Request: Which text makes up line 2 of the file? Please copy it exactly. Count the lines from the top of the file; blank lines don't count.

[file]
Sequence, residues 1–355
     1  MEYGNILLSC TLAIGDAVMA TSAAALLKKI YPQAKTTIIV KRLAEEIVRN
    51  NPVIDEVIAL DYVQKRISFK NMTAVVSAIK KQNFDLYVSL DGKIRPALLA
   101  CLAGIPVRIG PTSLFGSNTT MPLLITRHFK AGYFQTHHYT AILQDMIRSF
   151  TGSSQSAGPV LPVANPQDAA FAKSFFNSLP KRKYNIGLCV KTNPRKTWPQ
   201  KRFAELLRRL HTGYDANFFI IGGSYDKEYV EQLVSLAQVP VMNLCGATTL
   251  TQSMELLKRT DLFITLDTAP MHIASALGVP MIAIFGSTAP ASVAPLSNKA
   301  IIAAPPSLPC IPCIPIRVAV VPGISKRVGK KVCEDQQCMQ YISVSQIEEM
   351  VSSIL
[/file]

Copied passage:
     1  MEYGNILLSC TLAIGDAVMA TSAAALLKKI YPQAKTTIIV KRLAEEIVRN